Man’s Only Symptom of HAE Type 2 Is Abdominal Pain: Case Report

Imaging studies during asymptomatic periods showed no abnormalities

Jacob Harney, PhD avatar

by Jacob Harney, PhD |

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An image of the human digestive system.

Researchers have reported the case of a 19-year-old man whose only symptom of hereditary angioedema (HAE) was abdominal pain.

His diagnosis relied on laboratory tests, which revealed normal levels, but low activity, of the C1 inhibitor protein (C1-INH) — a telltale sign of HAE type 2.

The man’s case was detailed in the study, “Recurrent abdominal pain as the only clinical manifestation of hereditary angioedema type II,” that was published as a letter to the editor in The Spanish Journal of Gastroenterology.

Angioedema is typically identified by swelling. Often, this is restricted to the skin, but it can also occur in the membranes that line the respiratory and gastrointestinal tract, leading to breathing difficulties for the former and vomiting or abdominal pain for the latter.

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Symptoms of HAE Can Occur Without Swelling Attack: Study

HAE type 1 and 2 are caused by mutations in the SERPING1 gene that carries instructions for making C1-INH. While in type 1, C1-INH levels are low, in type 2 protein levels are normal or elevated, but its activity is reduced.

The end result with both is the overproduction of an inflammatory protein called bradykinin that drives swelling attacks. Patients also often have abnormally low levels of the complement 4 protein, or C4.

Researchers in Spain described the case of a 19-year-old man who was seen in their clinic for recurrent bouts of abdominal pain over the previous three years.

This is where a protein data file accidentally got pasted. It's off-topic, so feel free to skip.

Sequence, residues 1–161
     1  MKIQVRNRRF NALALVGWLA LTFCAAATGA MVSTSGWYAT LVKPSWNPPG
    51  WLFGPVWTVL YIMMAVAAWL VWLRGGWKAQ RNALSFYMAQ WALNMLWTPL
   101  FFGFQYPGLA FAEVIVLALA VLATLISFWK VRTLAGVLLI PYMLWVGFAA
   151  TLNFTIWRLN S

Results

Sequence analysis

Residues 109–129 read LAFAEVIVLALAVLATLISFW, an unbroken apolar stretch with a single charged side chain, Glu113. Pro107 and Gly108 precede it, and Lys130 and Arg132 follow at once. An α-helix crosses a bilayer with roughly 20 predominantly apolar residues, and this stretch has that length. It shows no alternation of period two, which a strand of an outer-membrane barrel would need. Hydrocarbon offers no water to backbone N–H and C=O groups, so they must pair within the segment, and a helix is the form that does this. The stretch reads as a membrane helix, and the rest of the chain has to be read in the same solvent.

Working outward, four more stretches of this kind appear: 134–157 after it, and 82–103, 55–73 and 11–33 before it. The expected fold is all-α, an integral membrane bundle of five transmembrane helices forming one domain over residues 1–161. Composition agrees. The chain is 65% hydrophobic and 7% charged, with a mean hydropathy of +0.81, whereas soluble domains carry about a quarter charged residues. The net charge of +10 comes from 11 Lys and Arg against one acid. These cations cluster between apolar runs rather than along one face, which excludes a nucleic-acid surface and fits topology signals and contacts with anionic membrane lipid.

He had no notable family disease history and didn’t have any other HAE symptoms. He reported no weight loss, gastrointestinal bleeding, skin lesions, eye problems, mouth ulcers, or muscular pain associated with a joint. His physical exam was normal.

A CT scan and ultrasound performed during a symptomatic period revealed a thickening of the lining of the digestive tract, signs of inflammation, and fluid accumulation in his abdomen.

These findings suggested jejunitis, ileitis, and colitis, which refer to inflammation of various parts of the digestive tract. But lab tests based on blood and feces samples, as well as examinations of the inside of the stomach, esophagus, and colon, found no notable alterations, and no abnormalities were seen in imaging studies conducted during asymptomatic periods.

The patient was hospitalized again in 2022 due to a new pain episode and a CT scan continued showing signs of inflammation in the digestive tract. It was then revealed that all his pain episodes occurred after a viral infection, namely COVID-19, flu, and a rhinovirus infection.

Lab tests showed he had low levels of C4 and elevated levels of C1-INH. The activity of C1-INH was low, however, at 8% compared with a normal range, which usually varies from 70–130%. The man was diagnosed with HAE type 2 and referred to an allergist who prescribed a C1 esterase inhibitor if new episodes occurred.

“Because of its low incidence, the heterogeneous and transitional clinical features and, sometimes, no family medical history, misdiagnosis or late diagnosis are common in clinical practice,” the researchers wrote. “It is necessary to rule out HAE by quantifying C4 levels and if they are low, request activity and levels of C1- INH, in patients with inexplicable recurrent abdominal pain, even in absence of cutaneous [skin] manifestations, since a specific treatment could be administered, and unnecessary examinations avoided.”